Take it from a Florida native: You don’t really know the Sunshine State until you’ve felt the salty Gulf breeze of the Panhandle. It’s home to an under-the-radar coastline that’s just as beautiful as the buzzier, high-traffic sands of Southern Florida (we’re looking at you South Beach) — and can be less expensive, too. Here are six quiet Northwest Florida beaches where you can stick your toes in the sand for less.
Located 20 minutes east of spring-break-central Panama City Beach, this gem of a small town on Florida’s “Forgotten Coast” is so undeveloped, they don't even have traffic lights. Stake out a spot on one of its free access public beaches like Canal Park, Sunset Park, or Mexico Beach City Park (its quartz-rich sand reflects the sun, keeping it cool year-round).
Where to stay: A standard room for two at Victorian charmer Driftwood Inn, with access to the beach, will cost $110 a night in the off-season or $150 in spring and summer. Alternately, you can rent out a one-bedroom beach condo for about the same price: Paradise Shores' one-bedroom condo rooms (which are a block from the beach with an ocean view from the balcony) rent $150 per night in June.
St. George Island
No highrises or chain stores here: this barrier island is just sea oats and sand dunes for 28 miles, and an example of Old Florida’s slow pace at its finest. The road (Highway 98) is paved with boiled peanut vendors, freshly shucked oysters from Apalachicola, and mom-and-pop restaurants (if you’re driving in, try Angelo & Son’s Seafood for fresh catches). Check out the pet-friendly state park and free public beaches.
Where to stay: Though hotel options are limited on the island, you can stay in a room for two at St. George Inn for $140 a night in high-season summer months. Ask about promotions: If you arrive Sunday or Monday and stay three nights, the fourth night is free. Or if you’re staying for a week, rent a beach cottage (they usually sleep up to eight) and split the cost; a beachfront property with a pool from Collins Vacation Rentals costs an average of $1,560 (winter) and $3,2500 (summer) for 5 days, which comes out to $80 per person, per night.
Fly into Panama City and take a 40-minute drive to this town (the star of a string of beaches on State road 30 A known together as South Walton). Dappled with pastel beach homes with white-picket fences, the idyllic beach community was only established 30 years ago but has since become one of the area’s biggest family destinations. (Picture kids riding bikes with their families or eating ice cream cones.)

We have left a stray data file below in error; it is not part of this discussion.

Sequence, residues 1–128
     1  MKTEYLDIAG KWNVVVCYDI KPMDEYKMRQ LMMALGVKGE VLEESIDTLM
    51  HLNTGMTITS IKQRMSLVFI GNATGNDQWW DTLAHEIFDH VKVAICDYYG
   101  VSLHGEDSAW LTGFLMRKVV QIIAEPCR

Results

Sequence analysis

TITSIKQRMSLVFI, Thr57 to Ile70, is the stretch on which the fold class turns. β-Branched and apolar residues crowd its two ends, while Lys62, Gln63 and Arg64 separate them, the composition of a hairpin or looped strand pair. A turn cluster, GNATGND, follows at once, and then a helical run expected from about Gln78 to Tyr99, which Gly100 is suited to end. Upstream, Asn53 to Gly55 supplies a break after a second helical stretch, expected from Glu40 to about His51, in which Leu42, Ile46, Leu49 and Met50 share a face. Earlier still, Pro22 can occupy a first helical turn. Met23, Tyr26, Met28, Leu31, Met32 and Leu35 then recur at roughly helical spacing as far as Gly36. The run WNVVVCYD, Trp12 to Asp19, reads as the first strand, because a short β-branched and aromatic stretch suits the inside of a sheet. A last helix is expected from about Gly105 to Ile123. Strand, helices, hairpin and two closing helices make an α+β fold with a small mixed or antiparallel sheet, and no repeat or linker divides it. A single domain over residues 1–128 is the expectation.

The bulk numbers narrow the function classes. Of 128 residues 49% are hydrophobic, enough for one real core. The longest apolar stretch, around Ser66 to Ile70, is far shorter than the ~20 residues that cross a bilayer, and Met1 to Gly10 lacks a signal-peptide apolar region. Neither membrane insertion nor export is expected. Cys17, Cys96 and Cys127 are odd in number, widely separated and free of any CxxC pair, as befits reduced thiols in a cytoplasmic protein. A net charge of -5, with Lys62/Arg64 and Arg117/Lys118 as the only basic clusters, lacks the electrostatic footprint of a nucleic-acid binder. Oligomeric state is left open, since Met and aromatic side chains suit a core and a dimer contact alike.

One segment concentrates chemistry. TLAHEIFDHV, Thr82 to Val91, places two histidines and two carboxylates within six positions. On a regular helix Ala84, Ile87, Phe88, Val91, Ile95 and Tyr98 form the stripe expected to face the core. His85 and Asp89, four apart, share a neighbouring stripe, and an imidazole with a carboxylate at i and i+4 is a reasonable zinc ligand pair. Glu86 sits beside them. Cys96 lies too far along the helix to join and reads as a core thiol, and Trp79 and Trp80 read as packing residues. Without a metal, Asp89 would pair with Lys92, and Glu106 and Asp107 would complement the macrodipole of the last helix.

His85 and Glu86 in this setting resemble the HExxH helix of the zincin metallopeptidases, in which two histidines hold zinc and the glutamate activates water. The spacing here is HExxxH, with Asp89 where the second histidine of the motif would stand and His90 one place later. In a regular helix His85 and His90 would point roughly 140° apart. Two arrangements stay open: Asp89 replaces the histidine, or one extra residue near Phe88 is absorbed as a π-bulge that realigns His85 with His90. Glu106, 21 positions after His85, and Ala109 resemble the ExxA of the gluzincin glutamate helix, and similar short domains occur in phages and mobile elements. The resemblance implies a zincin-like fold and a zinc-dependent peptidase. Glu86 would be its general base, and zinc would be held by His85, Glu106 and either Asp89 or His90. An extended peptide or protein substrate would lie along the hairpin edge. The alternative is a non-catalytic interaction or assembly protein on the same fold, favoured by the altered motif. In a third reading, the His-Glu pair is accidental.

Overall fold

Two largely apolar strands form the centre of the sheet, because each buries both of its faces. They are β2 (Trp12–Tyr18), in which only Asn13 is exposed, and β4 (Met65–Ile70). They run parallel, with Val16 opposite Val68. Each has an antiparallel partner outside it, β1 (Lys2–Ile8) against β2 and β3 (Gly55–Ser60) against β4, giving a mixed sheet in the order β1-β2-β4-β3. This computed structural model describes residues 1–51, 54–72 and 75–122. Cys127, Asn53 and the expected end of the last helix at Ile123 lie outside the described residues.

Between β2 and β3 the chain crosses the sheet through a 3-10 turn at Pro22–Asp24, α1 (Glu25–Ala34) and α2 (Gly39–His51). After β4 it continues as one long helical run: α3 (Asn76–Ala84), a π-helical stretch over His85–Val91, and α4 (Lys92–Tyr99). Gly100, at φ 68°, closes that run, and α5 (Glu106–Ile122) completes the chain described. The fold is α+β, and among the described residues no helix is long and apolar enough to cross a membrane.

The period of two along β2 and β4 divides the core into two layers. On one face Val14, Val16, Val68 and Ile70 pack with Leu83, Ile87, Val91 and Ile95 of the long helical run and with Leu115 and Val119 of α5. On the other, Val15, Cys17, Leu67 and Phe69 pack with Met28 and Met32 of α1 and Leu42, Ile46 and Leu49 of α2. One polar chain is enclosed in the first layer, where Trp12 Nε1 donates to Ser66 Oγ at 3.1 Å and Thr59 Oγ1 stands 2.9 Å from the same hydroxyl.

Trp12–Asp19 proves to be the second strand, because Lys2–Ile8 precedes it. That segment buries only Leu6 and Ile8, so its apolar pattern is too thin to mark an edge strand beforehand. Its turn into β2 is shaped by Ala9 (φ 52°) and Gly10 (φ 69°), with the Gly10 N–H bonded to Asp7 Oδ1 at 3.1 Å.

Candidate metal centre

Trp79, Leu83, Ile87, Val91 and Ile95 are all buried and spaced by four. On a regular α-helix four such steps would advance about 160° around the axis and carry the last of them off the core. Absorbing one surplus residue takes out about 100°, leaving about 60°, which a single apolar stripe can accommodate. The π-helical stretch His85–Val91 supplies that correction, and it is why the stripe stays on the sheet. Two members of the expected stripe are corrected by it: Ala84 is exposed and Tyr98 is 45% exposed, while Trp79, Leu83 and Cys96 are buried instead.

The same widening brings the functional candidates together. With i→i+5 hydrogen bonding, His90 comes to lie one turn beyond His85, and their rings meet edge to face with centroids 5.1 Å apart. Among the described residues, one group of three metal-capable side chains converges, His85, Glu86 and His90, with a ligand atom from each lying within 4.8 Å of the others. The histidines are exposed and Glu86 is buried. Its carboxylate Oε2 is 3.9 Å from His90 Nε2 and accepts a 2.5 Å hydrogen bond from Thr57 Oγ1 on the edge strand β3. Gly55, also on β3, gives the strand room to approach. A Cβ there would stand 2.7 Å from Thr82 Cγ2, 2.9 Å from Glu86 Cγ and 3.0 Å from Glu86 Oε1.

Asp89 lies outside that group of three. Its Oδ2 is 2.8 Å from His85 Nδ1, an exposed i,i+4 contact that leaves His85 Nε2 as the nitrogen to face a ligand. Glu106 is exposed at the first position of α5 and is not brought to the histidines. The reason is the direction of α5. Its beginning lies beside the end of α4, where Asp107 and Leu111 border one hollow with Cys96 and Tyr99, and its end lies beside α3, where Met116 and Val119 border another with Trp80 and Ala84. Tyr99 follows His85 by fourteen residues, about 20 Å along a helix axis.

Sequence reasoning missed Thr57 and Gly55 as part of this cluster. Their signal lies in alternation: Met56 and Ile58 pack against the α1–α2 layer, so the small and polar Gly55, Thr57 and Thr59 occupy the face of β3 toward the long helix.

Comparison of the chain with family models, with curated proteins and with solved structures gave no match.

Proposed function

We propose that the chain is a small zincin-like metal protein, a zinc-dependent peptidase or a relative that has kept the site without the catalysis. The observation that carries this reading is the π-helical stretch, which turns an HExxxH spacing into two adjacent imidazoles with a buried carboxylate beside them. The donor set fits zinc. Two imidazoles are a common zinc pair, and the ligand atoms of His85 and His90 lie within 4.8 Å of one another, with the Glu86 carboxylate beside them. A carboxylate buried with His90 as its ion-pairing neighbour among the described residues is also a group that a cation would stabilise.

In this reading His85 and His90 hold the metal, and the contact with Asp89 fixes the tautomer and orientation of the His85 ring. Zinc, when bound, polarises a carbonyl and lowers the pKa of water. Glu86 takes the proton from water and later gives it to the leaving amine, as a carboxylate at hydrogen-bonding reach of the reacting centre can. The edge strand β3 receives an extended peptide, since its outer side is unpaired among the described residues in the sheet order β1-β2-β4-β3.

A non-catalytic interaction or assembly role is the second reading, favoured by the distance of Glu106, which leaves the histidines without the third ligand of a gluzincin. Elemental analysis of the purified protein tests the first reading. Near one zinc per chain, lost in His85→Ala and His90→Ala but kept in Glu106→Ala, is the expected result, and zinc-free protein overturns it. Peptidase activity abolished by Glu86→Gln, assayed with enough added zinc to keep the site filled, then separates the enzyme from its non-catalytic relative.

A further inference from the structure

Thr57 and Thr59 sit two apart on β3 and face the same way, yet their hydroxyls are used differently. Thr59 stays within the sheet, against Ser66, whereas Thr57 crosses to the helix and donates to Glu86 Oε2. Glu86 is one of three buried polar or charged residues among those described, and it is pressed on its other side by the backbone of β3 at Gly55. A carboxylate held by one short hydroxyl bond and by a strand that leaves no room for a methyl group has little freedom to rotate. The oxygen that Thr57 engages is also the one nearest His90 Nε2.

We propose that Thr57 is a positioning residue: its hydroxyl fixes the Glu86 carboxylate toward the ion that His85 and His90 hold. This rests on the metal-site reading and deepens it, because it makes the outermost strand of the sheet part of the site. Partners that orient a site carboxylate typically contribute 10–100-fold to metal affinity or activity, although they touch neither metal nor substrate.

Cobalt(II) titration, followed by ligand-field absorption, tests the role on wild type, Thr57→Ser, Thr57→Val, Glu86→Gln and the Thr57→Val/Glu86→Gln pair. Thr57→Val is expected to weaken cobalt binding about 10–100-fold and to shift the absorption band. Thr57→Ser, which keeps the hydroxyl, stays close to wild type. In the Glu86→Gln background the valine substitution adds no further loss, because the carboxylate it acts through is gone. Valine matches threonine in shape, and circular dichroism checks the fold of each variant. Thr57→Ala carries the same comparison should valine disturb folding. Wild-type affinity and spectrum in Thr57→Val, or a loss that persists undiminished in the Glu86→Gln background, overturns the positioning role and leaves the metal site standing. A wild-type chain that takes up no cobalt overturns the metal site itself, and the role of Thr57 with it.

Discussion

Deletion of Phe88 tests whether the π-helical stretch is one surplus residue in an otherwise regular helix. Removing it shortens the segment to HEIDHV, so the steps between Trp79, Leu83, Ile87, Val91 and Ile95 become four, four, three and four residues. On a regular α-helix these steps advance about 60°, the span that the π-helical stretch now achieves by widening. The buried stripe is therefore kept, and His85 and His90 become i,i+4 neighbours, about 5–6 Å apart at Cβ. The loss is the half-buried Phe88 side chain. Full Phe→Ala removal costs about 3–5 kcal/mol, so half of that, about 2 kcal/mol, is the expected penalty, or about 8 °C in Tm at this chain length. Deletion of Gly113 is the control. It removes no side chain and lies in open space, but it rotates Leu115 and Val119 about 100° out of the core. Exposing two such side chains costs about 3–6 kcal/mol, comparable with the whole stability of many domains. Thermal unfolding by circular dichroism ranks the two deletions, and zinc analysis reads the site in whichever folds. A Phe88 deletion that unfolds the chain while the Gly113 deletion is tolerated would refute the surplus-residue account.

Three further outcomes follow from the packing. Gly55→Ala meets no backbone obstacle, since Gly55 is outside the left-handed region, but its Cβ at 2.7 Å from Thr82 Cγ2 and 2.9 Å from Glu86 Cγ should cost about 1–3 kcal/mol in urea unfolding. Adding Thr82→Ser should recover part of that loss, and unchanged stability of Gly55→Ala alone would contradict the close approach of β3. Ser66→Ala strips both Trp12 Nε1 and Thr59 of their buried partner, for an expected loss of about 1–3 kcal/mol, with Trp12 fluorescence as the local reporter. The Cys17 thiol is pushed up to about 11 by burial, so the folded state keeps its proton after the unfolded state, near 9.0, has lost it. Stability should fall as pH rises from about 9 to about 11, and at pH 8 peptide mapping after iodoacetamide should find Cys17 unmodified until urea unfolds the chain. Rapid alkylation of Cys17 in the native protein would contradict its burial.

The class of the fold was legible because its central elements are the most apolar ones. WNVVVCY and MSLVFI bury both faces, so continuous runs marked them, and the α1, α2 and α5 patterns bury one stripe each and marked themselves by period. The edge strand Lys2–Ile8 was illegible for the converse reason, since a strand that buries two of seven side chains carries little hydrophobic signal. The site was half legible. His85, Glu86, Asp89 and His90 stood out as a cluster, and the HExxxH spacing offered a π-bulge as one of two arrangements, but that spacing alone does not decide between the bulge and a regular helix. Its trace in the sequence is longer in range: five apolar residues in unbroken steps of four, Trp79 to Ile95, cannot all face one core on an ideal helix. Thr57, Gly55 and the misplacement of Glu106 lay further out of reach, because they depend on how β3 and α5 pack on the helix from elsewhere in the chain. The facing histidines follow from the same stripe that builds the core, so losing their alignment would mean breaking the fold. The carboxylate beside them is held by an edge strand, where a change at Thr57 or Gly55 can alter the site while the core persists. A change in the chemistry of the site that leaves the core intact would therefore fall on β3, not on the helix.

Where to stay: You can rent a two-bedroom cottage through local Cottage Rental Agency that sleeps four, located just across the street from the beach for around $300 to $500 per night in high-season summer months.
One look at this beach in South Walton and you’ll realize why it belongs to a stretch of sand called the Emerald Coast — its eye-popping gradient of teals and powdery white sand are prettier than most postcards. The planned community has white stucco houses, manicured lawns, and palms. Grab a coffee at Fonville Press café or take a hike on the surrounding nature trails.
Where to stay: This beach is high-end, but you can sometimes find prices lower than neighboring Rosemary Beach (we saw rates on HomeAway for a one-bedroom condo -- just a block from the beach for $175 per night in the off-season, and $250 per night the week of 4th of July).
This laid-back South Walton town has the same jewel-toned waters as nearby Alys but is perhaps better known for its funky vibes, where the unofficial slogan is “nice dogs, friendly folks.” You can’t miss them at Red Bar, the most popular watering hole in town that has live bluegrass music and serves local favorites like crab cakes and brews from Grayton Beer Co. While you’re here, head to Grayton Beach State Park ($5 per vehicle), where you can paddle board or kayak along one of Florida’s salt marshes.
Where to stay: You’ll need to stay at least three nights for most rentals, which can cost $179per person in high-season for a three-bedroom condo, just around the corner from the beach. Cabins in Grayton Beach State Park cost $130 per night from February to July. Up for camping? It’s $30 per night in the state park.
This underrated beach bordering Alabama, Perdido Key (the name translates to “lost island”) is 23 miles west of Pensacola International Airport. Check out Perdido Key State Park and Big Lagoon State Park for emerald water and white sands.
Where to stay: You can walk directly from the pool to the beach for around $200 a night in the summer months at a one bedroom rental condo.